I hadn’t seen the trailer of the new film ‘The Devil All the Time’ before I decided to watch it on its Netflix debut day, so I didn’t know what to expect. Directed by Antonio Campus, this is a dark, disturbing film that stirred a myriad of emotions in me.
Based on a novel by the same name, the film starts with a voice-over by author Donald Ray Pollock. The narrator tells us about a small town called ‘Knockemstiff’ which had a population of just 400 back in 1957. The town’s name made me giggle, since it puns on “knock them stiff’. The first ten minutes are intriguing and focus on Willard Russel (played by Bill Skarsgard) and how he meets his wife.
Things soon start to get bizarre. On display is the religious zealotry at Willard’s local church, where the reverend passionately talks about the ‘holy ghost’ and the importance of prayer. In fact, Christian fanaticism is one of the central themes of this movie. The overall plot is about how the life of Willard’s young son Arvin Russel is influenced by those around him.
Tom Holland of Spiderman fame plays Arvin, who is deeply impacted by his parent’s deaths, especially due to the disturbing nature of their last days. While a young Arvin goes to live with his grandmother and his step-sister Lenora (Eliza Scanlen), we see a parallel story about a serial killer couple on the loose in the same region.
The casting team has done a fantastic job, because each actor is eerily convincing in whatever little role they have. Most characters are evil and as a viewer you feel a revulsion towards them. Robert Pattinson completely disappears in his character’s skin – a sleazy, lustful, gluttonous priest who preys on young vulnerable women. You can’t see any traces of the vampire heart-throb. Holland is also authentic as the angry young man wanting nothing but to protect those close to him.
‘The Devil in the Dark’ works really well as a psychological thriller, there were several moments where I had my hands folded with anxiety over what would happen next. Not even a horror movie has made me flinch this much in the recent past. I think real evil people are always scarier than ghosts and demons. A lot of both mindless and well-intended killing happens throughout the course of the film. The scenes are raw, unbridled and troubling.
There is a chilling flashback scene in the very first 10 minutes, which shows Arvin’s father Willard serving in the war. He shoots a fellow soldier as an act of mercy, because he was tortured and crucified by the Japanese. That scene made me shudder.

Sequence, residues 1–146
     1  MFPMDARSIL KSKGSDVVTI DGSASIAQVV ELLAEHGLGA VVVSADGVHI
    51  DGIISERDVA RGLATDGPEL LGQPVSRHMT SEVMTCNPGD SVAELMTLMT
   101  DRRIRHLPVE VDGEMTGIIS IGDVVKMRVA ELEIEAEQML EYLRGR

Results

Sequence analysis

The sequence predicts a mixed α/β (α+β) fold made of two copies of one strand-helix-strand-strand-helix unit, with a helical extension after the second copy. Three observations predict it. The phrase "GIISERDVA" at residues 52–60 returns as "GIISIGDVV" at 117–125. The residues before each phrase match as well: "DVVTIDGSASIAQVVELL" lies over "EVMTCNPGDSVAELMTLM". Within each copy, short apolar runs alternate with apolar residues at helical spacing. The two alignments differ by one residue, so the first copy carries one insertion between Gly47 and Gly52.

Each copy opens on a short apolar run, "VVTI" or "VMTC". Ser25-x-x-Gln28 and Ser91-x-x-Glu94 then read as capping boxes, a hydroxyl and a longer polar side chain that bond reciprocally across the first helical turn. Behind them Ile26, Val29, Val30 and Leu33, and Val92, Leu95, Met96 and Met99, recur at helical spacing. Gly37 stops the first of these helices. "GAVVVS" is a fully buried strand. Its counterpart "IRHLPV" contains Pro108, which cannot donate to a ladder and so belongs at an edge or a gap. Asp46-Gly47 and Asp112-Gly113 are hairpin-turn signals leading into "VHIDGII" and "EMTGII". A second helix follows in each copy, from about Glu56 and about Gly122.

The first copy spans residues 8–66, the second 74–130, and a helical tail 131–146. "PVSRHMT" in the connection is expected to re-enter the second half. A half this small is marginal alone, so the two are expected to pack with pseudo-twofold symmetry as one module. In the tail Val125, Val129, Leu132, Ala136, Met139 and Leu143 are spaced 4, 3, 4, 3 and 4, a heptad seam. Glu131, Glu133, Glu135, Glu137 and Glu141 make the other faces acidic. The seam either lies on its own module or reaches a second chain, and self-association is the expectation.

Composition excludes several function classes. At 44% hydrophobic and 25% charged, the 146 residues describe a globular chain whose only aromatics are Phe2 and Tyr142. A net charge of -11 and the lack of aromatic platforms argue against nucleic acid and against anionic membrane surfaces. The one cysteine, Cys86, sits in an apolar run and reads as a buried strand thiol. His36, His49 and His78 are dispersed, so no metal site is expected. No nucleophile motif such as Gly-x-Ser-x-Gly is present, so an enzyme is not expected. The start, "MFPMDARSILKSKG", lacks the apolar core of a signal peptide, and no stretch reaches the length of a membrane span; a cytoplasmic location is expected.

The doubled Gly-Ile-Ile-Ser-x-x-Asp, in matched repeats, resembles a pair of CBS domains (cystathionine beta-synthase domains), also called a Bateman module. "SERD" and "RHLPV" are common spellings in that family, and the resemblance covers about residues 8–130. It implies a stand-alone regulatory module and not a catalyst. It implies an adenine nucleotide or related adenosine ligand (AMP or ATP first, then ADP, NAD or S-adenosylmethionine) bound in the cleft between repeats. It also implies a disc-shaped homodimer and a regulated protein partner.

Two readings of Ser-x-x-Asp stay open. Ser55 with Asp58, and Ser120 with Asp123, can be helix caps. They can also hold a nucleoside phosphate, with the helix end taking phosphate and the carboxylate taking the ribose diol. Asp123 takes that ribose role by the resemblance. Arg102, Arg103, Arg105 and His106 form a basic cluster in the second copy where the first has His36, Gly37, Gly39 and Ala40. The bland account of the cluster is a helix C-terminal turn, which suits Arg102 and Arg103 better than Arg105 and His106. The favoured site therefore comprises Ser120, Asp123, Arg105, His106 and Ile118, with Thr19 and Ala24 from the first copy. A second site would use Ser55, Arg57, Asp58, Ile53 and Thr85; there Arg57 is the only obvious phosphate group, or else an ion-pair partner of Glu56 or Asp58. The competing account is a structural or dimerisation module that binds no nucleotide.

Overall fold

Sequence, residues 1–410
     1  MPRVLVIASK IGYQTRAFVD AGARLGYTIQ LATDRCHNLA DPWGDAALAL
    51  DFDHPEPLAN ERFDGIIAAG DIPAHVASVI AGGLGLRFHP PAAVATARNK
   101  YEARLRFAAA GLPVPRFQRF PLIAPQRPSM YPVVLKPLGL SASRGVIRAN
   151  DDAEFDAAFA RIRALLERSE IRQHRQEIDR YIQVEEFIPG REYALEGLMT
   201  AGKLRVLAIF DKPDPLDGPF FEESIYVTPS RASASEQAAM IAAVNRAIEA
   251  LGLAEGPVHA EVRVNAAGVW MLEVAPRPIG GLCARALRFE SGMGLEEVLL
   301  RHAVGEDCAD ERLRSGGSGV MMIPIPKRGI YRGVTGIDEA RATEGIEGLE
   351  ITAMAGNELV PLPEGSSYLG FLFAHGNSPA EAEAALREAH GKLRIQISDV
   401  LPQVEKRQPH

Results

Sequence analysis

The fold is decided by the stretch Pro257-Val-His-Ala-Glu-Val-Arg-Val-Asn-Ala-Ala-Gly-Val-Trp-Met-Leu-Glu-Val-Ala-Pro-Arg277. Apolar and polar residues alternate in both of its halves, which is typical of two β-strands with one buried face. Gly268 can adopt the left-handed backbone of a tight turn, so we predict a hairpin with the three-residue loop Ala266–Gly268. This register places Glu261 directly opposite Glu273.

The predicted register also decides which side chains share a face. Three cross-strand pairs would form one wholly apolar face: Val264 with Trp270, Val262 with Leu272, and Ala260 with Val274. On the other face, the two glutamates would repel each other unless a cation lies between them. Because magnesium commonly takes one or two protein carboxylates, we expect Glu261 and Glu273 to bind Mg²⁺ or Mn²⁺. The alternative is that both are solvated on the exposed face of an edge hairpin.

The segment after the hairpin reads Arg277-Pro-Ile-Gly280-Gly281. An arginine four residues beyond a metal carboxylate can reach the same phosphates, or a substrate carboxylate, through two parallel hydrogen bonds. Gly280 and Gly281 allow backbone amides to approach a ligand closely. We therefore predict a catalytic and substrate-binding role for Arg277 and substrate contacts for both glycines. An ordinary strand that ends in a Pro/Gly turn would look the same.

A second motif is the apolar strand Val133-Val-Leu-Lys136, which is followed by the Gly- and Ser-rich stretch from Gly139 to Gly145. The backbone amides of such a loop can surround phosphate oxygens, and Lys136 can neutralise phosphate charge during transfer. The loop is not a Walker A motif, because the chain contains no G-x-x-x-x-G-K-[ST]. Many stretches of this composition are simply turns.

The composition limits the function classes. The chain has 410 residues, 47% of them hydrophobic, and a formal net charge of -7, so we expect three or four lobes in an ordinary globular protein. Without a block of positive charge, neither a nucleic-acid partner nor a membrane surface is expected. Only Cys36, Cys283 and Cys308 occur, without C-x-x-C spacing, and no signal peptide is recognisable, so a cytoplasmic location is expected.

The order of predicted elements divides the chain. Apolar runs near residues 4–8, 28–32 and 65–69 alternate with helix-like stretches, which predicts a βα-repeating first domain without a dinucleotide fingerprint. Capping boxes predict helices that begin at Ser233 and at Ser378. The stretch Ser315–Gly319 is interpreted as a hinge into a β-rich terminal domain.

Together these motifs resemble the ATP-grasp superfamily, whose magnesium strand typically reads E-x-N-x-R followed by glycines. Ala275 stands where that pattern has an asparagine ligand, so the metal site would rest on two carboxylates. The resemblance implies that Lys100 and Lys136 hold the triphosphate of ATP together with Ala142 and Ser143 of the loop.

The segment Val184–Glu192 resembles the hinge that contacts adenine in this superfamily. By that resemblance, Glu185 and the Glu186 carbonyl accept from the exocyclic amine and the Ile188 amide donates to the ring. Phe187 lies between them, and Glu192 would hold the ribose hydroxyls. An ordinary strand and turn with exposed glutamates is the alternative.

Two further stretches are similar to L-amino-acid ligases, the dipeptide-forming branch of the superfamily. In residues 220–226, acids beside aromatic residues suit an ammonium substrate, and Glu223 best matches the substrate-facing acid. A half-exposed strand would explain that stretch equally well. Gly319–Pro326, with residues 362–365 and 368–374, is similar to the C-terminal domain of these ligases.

The pacing of the film is a slight problem, while I won’t say it’s slow, there are some scenes that didn’t need any screen-time. There a ‘corrupt cop’ sub-plot that could’ve been shorter. Director Antonio puts in too much effort in giving everybody a substantial back-story. However, I liked how the makers stayed true to the dark tone and didn’t put in any unnecessary jokes in the story. The flip-side to it is that the film gets a little overbearing and can get emotionally draining after a while. Maybe take a little coffee/cola break in between. I did.
Given the somber setting of the entire film, it obviously doesn’t have a traditional happy ending, but to the screenwriter’s credit – it’s not ambiguous and disappointing either. While there are some things that happen early on that make the viewer wonder “why have this scene at all?”, it all ties down neatly in the climax and makes sense.
The cinematography and all the religious songs in the playback track just add to the whole dismal mood of the tale. You will hate a lot of what’s happening and that’s just the kind of response that’s expected out of the viewer. It astutely shows just how toxic and destructive religion can be. Each character has a complicated relationship with ‘God’ and the one who is the most religiously distant is interestingly the sanest one. Not sure if there was deliberate messaging here, but this film shows us the dark side of those who believe in the power of prayer.
To anybody looking for a dark thriller, this one makes a good watch. Don’t see it when you are feeling low, because ‘The Devil All The Time’ is not intended to give you a good time.
It’s a 7/10 for me.